The other day I came across an article on how to defend your choice of positive parenting to naysayers, you know, those parents stuck tight into the rigid rules of society, too scared to do one tiny thing out of whack in case someone frowns upon them…..and far too afraid to really let go and just have FUN!!

It was one of those articles where you find yourself nodding your head in agreement all the way through…well, at least I did.

“But does your mother-in-law say you’re soft?” Nod

“He’ll never learn to self-soothe if you don’t let him cry.” Nod nod

“She needs to tell him who’s in charge.” Nod nod nod

“Western society expects a parenting approach centered on adult’s wants rather than children’s needs. Punishments, time-outs, threats and rewards have become normal tools in the parenting toolbox.” OMG NOD NOD NOD

“So, when you’re swimming against the tide of conventional parenting how do you defend your choices?”

Yes…yes…this is what I want to know!

Already feeling like a bobblehead I delved right into the rest of the article, reading about the psychology of attachment. It is our job as parents to make our children feel SAFE, to give them that safe and secure platform from which to make their ventures out into the unknown. Their brains aren’t equipped with the skills to cope with overwhelming emotions, especially fear and anxiety.  They need that one (at least) solid foundation that is unconditional….that safe place.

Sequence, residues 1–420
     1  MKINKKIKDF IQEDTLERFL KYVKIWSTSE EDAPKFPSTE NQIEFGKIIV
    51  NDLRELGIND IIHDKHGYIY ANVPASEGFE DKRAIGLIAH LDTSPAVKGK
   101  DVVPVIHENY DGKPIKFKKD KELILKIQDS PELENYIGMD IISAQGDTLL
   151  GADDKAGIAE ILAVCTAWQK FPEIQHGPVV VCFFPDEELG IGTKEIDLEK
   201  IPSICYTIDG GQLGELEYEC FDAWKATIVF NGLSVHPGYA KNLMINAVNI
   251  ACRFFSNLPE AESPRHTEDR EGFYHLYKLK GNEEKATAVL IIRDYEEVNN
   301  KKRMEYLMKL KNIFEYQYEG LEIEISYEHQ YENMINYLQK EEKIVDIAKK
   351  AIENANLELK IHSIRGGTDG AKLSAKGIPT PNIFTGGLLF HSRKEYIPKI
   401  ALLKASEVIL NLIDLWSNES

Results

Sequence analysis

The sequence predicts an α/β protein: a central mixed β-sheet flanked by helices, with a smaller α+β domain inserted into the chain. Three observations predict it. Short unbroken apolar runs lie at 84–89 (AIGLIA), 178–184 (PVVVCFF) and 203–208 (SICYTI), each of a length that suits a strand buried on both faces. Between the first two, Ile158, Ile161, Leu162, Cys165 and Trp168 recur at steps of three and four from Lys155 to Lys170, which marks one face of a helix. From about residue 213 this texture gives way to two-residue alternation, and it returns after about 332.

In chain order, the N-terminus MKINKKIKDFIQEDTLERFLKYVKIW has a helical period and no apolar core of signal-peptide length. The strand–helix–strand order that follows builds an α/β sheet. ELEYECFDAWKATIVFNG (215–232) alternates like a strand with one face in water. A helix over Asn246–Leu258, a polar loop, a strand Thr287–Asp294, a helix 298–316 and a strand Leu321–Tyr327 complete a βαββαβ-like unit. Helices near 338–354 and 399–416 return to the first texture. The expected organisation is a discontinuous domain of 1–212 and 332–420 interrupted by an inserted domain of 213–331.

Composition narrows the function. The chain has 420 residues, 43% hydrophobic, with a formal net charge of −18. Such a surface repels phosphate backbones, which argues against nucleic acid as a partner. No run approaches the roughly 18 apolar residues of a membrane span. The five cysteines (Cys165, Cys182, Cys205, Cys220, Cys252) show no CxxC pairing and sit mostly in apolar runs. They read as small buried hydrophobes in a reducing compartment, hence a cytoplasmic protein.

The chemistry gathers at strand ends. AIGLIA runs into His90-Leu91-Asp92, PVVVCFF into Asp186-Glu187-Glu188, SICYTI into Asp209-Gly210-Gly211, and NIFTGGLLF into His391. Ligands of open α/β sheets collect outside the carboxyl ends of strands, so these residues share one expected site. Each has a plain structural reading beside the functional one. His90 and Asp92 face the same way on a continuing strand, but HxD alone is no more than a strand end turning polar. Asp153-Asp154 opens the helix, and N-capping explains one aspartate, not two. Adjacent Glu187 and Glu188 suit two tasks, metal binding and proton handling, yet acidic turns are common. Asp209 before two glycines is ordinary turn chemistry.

And there I said it…the magic word….UNCONDITIONAL.

It seems to me that way too many parents fail to be there for their kids unconditionally….there is often a sense in the child of “we would love you more if you could behave better…..if you got better grades……if you stopped wetting the bed……if you didn’t cry because…well, just because…”. And I think that this is not a deliberate thing, but an automatic parenting style that then creates in the child this perception of not being really loved unless they are performing to some level of expectation….to some standard already predetermined in the parents’ minds.

The thing is…..these are kids. They are not mini adults.  They cannot be expected to have the same self control as we expect of adults…and that is our job as parents…..to provide them with that environment whereby they can learn and develop…..where they can feel safe to make mistakes, where they can fall down, knowing that there is a loving hand ready to help them back up with unconditional reassurance.

I don’t subscribe to the “throw ’em in the deep end and let them fend for themselves” style, neither do I approve of a “one size fits all” approach.

I believe in being the “rock”, that stability and security required by my child as she learns and develops…..as she stumbles, falls and gets back up.  I will continue to soothe her wounds in preparation for the next round of battle that is life.

And she will venture out with confidence, knowing that I am here, knowing that regardless of whatever mistakes she makes I will love her just the same…….unconditionally.